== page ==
Considering that such clear language comes from a UN treaty which is legally binding on our country, things could start getting a little worrisome for Uncle Sam – especially when you realize that since our government began waging economic and military warfare on Iraq we’ve killed well over one million people, fast approaching two.

This Minute and Then the Next

May 10, 2007

The big deal is today and tomorrow morning. Just this minute and then the next determines whether you or I do what we can to stop the injustice and the tyrannies surrounding us, and inside our hearts. Right now is the only time we own!
— June Jordan, poet (1936 – 2002)

Right now. Some days my right now, my big deal is a sink full of dishes, the homework not done, my 9 and 11 year old sons whining about what they really, really want (some latest electronic gizmo). On such days my goal of raising conscientious sons in this materialistic, militaristic, and patriarchal culture seems a distant possibility. I need to be reminded what a gift, what a responsibility it is to live this minute and then the next to stop injustice and tyranny.

NW Indiana: Arrest at Office of Senator Evan Bayh

12 protest war, 1 arrested
By Danielle Braff
Post-Tribune staff writer

Post-Tribune
May 4, 2007

A Highland woman was arrested Friday during an anti-war protest at Hammond’s Federal Courthouse when she refused to leave the building.

Sue Eleuterio kneeled in front of Sen. Evan Bayh’s office, tears streaming down her face as she read the names of people who died in the Iraqi war. Eleuterio was joined by a dozen other anti-war protesters who have been trying to arrange a meeting with Bayh for four months with no success. They want to speak with him about his role in advancing the war, but since he is allegedly ignoring their requests, they decided to confront him in person at his office.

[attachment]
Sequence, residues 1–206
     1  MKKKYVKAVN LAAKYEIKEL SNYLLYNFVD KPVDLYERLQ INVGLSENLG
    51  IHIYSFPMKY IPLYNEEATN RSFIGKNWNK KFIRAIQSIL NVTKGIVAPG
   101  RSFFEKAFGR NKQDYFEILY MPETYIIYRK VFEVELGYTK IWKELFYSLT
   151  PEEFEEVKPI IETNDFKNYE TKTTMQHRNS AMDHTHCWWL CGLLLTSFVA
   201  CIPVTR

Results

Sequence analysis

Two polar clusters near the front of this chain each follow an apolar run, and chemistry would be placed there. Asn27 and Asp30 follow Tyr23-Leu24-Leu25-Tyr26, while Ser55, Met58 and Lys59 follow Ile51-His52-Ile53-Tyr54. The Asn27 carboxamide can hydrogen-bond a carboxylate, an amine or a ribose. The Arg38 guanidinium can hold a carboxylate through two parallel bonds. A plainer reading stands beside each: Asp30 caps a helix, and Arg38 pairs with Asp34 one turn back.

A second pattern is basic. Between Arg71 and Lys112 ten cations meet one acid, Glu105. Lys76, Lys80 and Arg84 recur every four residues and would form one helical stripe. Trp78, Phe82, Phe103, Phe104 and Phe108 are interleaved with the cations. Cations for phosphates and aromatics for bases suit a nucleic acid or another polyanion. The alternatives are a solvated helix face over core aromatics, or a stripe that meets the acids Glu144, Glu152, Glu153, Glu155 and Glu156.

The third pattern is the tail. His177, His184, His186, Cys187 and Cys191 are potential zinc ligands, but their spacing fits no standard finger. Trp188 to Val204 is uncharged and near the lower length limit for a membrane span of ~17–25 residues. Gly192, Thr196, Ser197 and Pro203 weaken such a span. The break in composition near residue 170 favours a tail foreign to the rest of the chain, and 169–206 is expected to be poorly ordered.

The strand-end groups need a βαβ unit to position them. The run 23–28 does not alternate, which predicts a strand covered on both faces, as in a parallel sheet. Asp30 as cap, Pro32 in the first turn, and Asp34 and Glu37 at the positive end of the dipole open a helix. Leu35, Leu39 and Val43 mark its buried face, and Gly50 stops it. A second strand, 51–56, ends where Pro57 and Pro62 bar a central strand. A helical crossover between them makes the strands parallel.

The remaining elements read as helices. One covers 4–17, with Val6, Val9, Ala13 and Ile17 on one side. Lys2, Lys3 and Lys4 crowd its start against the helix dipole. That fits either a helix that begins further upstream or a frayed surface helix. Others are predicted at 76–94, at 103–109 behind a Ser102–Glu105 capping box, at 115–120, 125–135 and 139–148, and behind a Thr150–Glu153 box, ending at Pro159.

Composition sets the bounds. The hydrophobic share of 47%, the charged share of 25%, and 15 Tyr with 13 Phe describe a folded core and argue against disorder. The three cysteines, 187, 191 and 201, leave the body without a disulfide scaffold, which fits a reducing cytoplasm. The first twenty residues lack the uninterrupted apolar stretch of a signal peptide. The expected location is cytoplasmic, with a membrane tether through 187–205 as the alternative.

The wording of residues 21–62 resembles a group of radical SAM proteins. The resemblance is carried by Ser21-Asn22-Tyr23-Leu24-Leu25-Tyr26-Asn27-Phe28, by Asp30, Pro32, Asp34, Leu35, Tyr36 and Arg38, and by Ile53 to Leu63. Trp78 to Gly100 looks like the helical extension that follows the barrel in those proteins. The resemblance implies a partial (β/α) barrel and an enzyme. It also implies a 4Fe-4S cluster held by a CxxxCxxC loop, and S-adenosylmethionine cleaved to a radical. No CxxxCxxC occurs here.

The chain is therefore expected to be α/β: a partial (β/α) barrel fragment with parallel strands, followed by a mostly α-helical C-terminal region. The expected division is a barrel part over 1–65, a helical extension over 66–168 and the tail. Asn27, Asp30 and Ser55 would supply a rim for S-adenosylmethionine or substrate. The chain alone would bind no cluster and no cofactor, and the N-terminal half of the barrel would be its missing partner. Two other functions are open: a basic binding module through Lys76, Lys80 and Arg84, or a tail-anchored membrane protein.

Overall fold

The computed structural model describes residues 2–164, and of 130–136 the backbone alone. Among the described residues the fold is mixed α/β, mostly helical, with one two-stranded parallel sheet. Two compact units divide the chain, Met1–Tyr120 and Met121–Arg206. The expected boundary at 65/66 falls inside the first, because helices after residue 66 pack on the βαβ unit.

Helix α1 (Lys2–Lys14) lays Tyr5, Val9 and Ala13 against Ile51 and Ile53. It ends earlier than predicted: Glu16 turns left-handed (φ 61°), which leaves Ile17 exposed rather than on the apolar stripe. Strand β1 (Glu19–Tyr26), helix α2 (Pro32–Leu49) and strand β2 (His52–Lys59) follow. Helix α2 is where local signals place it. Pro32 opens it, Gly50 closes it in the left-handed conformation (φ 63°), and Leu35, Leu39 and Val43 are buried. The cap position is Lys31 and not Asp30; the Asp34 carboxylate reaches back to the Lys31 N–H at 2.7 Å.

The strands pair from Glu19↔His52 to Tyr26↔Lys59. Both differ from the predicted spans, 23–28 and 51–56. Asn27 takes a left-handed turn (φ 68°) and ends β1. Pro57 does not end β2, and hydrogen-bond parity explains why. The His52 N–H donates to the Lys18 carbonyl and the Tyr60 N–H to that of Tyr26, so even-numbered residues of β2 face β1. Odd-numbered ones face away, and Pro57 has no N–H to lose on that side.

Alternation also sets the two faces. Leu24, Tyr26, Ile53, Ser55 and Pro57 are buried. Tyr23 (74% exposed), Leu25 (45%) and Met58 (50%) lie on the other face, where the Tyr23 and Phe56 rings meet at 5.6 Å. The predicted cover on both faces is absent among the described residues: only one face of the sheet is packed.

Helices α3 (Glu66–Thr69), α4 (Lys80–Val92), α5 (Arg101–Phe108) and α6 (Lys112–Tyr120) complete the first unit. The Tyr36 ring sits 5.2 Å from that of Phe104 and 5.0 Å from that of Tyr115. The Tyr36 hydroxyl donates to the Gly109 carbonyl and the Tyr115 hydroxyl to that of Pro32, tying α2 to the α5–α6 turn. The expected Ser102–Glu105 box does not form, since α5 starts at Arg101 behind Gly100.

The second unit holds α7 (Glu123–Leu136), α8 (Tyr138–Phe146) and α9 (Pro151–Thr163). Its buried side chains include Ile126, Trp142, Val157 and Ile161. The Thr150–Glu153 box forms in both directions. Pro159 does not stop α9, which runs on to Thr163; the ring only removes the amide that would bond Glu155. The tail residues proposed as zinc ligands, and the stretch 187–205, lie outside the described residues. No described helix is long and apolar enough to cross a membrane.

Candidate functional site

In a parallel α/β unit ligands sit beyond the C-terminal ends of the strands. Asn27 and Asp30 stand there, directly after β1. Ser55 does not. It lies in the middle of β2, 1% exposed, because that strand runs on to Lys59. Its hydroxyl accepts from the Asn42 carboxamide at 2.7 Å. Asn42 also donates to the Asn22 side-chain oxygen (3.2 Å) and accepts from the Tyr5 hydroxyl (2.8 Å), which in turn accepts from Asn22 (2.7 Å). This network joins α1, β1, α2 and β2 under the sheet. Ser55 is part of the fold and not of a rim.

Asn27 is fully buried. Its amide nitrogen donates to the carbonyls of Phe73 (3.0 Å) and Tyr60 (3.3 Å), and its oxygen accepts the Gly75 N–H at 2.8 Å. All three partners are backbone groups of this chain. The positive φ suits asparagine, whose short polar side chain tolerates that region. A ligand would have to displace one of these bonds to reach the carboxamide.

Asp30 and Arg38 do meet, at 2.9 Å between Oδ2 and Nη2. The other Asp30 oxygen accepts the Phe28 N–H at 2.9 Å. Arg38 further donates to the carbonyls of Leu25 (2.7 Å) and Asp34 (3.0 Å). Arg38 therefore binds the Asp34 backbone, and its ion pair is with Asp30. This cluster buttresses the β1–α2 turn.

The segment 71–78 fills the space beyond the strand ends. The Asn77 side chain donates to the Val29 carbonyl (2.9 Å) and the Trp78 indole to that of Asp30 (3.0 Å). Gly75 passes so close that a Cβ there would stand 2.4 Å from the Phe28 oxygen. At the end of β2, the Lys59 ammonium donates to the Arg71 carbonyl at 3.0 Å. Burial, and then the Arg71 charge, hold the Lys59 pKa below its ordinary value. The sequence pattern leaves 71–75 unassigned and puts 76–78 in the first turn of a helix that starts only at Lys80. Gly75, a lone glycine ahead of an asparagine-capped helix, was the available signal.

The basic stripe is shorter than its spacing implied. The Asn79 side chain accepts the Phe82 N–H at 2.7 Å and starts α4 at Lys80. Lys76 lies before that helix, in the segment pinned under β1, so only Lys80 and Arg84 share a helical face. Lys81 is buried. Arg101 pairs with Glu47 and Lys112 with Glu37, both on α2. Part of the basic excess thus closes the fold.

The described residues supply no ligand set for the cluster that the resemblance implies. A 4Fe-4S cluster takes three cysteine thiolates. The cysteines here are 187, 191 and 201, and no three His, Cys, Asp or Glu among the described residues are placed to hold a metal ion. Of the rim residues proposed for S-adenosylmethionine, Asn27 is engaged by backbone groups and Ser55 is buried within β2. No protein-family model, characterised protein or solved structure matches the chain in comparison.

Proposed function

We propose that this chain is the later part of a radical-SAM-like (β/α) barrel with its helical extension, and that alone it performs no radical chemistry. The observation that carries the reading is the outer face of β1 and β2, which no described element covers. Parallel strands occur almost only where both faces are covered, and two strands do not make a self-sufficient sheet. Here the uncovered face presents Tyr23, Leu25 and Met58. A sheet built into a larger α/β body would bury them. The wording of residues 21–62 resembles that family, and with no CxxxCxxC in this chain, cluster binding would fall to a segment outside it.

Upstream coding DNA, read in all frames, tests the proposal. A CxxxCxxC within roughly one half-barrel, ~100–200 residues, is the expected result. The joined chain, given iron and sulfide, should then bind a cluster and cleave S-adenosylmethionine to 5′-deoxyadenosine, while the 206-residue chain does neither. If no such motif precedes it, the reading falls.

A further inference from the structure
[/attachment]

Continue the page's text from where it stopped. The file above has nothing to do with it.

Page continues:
Visiting Iran

May 1, 2007

The Islamic Republic of Iran is really, really, really and again really very different from what you hear in the West.
—S. Rahim Mashaee, VP of Iran speaking to the delegation

A few weeks ago (February 28 to March 13) I had the rare opportunity of visiting Iran. I say “rare” because few US activists - and few policymakers - know that controversial and fascinating nation firsthand. Despite being urged to do so by key Republicans, Mr. Bush refuses even diplomatic relations with Iran.

Fairbanks, AK: Protester attempts necessity defense

By Margaret Friedenauer
Fairbanks Daily News-Miner
Published April 26, 2007

A judge Wednesday continued a case against a local man charged with trespassing in an act of civil disobedience protesting the Iraq war.

Rob Mulford will get a chance to argue in front of District Court Judge Raymond Funk that he should be able to present a “defense of necessity” in his arrest when he refused to leave Sen. Ted Stevens’ Fairbanks office Feb. 20. Mulford and others arrived at Stevens’ office during open hours to read names of U.S. troops and Iraqis that have died in Iraq. Most of the protesters left when asked by office staff at closing time. But Mulford continued reading names, refused to leave and was arrested for trespassing.